The most interesting angle of Colbert’s creating his own Super PAC is the effect he could have on GOP luminaries like Sarah Palin and Karl Rove.
Stephen Colbert went to Washington last Friday to personally deliver a petition to the Federal Election Commission requesting permission to promote his PAC on his show. Viacom, the parent company that owns the network, is not happy about Colbert’s plan. The FEC could rule against Colbert, saying that any airtime granted by Viacom to Colbert would count as a donation.
“Karl Rove is a paid employee of Fox News, and he gets to talk about his Super PAC, American Crossroads, all the time,” complained Colbert on his show.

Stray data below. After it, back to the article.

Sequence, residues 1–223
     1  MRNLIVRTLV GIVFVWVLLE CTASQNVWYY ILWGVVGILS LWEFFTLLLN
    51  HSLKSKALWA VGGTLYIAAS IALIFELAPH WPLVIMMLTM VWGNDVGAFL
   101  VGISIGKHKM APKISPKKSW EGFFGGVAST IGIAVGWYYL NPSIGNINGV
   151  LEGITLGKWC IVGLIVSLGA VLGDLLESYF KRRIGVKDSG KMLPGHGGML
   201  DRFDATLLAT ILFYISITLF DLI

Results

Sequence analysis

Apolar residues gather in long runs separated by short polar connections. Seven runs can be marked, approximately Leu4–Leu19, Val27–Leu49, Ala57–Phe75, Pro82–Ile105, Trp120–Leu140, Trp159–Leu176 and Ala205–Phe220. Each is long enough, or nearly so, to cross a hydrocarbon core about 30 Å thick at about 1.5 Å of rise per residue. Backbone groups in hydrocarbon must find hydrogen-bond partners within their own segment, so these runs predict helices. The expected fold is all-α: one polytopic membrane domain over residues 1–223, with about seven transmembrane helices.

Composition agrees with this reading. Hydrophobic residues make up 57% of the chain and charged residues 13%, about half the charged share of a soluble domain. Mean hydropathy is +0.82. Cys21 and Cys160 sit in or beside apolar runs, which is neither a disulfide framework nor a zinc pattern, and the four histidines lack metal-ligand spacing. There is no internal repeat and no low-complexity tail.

And that’s the kicker: the FEC could deny Colbert’s petition, refusing to allow him to promote himself and his PAC on air. Such a decision would necessarily have to be applied to the other networks as well. Republicans paid by Fox who are connected to PACS—Sarah Palin, Karl Rove, Dick Morris, Mike Huckabee and others— would no longer be able to promote their candidacies and policies on the Fox network. On the other hand, if the FEC grants Colbert’s request, then he will be free to collect money for ads mocking Republicans.
Either way, the comedian is taking on both the Republican establishment and the Supreme Court’s notorious Citizens United decision.